Senator Judy Ward E-Newsletter

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In this Update:

  • Senate Approves Measures to Support Police and Crime Victims
  • The Fight for Election Integrity Continues
  • Farmers Breakfast
  • Veteran’s Day Dessert Social
  • Veteran’s Recognition
  • Senate Bill 807 Heads to the Governor’s Desk
  • Senate Acts to Add Sex Traffickers to Sex Offender Registry
  • Measure to Improve Notification of Government Data Breaches Sent to Governor
  • Health Care Reform Measure Receives Final Approval
  • Recognizing the Contributions of First Responders
  • Time for Trick or Treaters
  • 30th Happenings

Senate Approves Measures to Support Police and Crime Victims

Taking further action to stem the rise in violent crime in Pennsylvania, the Senate this week passed measures to support law enforcement and crime victims.

House Bill 103 seeks to better protect our law enforcement officers against harassment by strengthening penalties against criminals who intentionally spit on or throw bodily fluids at officers.

House Bill 1546 further protects law enforcement officers by prohibiting the release of a public safety official’s home address or telephone number.

While criminal prosecutions punish offenders, restitution for crime victims often falls short. When that happens, victims often turn to the civil justice system.

The Senate passed House Bill 2525 to make it easier for crime victims to obtain relevant information learned by law enforcement during the investigation of the crime. Crime victims can then use that information in civil legal actions to recover damages for their injuries.

In addition, the Senate approved House Bill 140 to help fight rampant crime in Philadelphia. It requires the appointment of a special prosecutor to investigate and prosecute crimes committed within its mass transit system.

These efforts build on the work that has been accomplished over the past two years to protect crime victims, prevent human trafficking and strengthen penalties for criminals who seek to elude officers.

The Fight for Election Integrity Continues

When lawmakers created the state’s mail-in voting law, the language was clear that all ballots must have a handwritten date and signature on the outer envelope in order for those votes to count. Unfortunately, court rulings and guidance from the Department of State have muddied the waters on how counties should approach that issue.

Several voters, along with state and national Republican Party officials recently filed a lawsuit to ensure the law is followed in the upcoming 2022 election, and the Pennsylvania Supreme Court agreed to hear the case on an expedited basis.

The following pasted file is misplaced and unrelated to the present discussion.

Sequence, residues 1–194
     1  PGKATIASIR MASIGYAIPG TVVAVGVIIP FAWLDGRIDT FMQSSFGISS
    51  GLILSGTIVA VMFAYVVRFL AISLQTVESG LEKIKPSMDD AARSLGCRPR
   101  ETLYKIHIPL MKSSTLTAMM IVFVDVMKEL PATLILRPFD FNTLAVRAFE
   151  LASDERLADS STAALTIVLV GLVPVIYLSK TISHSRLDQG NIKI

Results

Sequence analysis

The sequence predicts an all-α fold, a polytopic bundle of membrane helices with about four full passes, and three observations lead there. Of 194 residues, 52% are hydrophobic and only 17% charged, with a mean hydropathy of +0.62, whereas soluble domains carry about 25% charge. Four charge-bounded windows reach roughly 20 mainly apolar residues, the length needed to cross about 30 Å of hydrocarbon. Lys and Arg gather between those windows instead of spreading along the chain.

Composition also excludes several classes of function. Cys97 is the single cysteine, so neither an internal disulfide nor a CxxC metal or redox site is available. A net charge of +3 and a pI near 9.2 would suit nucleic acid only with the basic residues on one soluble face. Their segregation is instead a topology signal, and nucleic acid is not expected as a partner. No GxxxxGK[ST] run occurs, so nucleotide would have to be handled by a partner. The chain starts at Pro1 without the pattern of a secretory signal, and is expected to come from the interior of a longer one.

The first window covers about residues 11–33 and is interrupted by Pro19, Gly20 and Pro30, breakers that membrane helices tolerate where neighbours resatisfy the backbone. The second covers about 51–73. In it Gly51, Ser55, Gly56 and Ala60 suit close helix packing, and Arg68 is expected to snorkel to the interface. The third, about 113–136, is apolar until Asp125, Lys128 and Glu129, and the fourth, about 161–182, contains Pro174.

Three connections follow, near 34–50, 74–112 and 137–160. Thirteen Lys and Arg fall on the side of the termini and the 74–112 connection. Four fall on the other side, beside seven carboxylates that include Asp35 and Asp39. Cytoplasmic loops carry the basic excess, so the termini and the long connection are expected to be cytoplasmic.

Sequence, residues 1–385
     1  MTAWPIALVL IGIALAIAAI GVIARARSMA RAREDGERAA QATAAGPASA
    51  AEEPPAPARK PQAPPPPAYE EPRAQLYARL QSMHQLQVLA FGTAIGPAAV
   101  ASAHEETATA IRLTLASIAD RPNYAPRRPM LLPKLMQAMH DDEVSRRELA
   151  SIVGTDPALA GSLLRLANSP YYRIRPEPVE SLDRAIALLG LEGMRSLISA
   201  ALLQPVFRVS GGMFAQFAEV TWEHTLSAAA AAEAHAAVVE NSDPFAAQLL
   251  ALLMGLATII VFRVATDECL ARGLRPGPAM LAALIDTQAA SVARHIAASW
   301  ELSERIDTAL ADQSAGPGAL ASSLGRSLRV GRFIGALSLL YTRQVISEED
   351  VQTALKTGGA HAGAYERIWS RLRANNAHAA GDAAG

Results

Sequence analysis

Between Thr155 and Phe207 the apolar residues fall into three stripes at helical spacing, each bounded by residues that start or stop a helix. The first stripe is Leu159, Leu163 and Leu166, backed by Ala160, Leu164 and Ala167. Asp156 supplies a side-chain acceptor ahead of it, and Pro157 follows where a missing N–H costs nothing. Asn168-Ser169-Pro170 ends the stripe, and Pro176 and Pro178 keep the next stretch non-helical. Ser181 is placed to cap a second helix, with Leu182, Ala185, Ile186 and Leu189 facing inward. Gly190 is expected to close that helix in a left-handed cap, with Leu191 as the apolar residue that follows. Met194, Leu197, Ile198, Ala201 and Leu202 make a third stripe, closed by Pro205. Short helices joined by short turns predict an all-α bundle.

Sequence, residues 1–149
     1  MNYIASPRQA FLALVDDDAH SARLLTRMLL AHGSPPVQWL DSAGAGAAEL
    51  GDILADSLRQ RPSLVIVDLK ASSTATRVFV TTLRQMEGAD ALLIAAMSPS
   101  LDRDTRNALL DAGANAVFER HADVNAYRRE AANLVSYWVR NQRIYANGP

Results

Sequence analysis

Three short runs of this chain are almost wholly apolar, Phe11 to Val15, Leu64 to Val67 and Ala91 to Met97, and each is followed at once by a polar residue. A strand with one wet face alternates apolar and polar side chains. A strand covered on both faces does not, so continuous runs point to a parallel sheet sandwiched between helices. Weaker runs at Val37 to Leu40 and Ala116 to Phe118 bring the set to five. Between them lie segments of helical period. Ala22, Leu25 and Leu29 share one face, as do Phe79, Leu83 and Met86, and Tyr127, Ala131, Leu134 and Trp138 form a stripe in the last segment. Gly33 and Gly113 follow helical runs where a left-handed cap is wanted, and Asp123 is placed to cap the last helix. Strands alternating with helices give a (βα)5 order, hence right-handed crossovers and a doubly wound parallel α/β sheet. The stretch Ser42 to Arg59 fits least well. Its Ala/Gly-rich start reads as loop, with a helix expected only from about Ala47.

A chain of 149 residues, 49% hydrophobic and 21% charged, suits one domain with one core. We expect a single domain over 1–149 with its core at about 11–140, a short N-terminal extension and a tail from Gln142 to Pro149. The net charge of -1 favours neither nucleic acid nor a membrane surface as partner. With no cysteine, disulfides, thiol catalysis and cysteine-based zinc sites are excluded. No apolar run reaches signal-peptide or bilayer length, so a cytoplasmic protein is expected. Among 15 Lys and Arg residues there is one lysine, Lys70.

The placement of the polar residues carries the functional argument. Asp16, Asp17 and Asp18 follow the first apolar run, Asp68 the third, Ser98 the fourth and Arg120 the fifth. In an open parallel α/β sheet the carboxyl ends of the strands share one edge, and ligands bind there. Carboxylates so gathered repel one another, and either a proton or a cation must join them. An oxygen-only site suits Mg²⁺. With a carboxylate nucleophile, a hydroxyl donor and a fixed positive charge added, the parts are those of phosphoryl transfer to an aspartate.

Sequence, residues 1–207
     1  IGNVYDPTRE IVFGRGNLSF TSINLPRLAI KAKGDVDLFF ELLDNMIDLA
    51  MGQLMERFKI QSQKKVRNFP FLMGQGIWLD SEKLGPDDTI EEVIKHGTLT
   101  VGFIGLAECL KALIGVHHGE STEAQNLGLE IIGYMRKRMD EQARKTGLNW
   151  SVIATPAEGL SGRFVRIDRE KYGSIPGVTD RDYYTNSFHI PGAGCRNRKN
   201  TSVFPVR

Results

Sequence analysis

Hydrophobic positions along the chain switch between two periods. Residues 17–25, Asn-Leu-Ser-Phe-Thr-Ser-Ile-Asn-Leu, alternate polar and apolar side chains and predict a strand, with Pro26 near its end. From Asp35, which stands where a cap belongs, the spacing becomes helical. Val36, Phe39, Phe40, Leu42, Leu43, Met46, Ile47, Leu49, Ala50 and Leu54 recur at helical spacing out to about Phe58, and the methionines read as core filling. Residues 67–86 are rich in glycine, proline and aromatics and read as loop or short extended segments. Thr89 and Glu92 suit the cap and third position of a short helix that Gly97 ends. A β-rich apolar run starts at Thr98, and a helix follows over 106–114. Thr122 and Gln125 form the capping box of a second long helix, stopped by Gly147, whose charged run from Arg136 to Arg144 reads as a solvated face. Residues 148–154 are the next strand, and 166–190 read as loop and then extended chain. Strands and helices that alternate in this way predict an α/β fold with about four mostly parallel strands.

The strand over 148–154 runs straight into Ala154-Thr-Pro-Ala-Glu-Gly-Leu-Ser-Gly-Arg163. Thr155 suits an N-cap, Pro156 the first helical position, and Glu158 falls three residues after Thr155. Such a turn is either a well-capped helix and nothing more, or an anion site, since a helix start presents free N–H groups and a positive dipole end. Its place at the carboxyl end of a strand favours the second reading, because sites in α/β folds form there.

I was proud to join members of the Senate Republican Caucus in filing a brief in support of this lawsuit this week, similar to prior briefs we have filed in other litigation on this same question. This filing is the latest in a long list of actions we have taken to promote election integrity.

A complete timeline of Senate actions to ensure fair elections is available here.

Farmers Breakfast

Veteran’s Day Dessert Social

Veteran’s Recognition

Senate Bill 807 Heads to the Governor’s Desk

My Senate Bill 807 that streamlines the process to become a notary public heads to the governor’s desk.

I’m thankful that we could get this legislation over the finish line before the close of the current session. This legislation was the result of careful and thoughtful bipartisan work by stakeholders, the Local Government Commission, and lawmakers.

Senate Bill 807 amends Title 57 to eliminate the 50-cent fee for the registration of an official signature of a notary public, and to authorize the “Notary Register” to be located in either the prothonotary’s office or the office of the recorder of deeds. The bill further authorizes the electronic transfer of the official signature to the prothonotary’s office.

Counties may have offices for the recorder of deeds and prothonotary in different locations. The inflexibility of the current provisions require that notaries must visit different offices for the recording of a bond, oath, and commission, and the registry of an official signature.

This legislation brings a much-needed modernization to Pennsylvania’s notary law.  With these changes, notaries and local governments will be able to better serve their constituents efficiently and effectively.

The bill now awaits the governor’s signature.

Senate Acts to Add Sex Traffickers to Sex Offender Registry

A measure requiring offenders convicted of a sex trafficking-related crime to register as sex offenders received final legislative approval this week.

Senate Bill 118 adds these crimes to the reporting requirements of Pennsylvania’s Megan’s Law. The law requires the State Police to maintain a public, online registry of persons who reside, work or attend school in the Commonwealth and who have been convicted of or pleaded guilty to certain sexual offenses in Pennsylvania or another jurisdiction.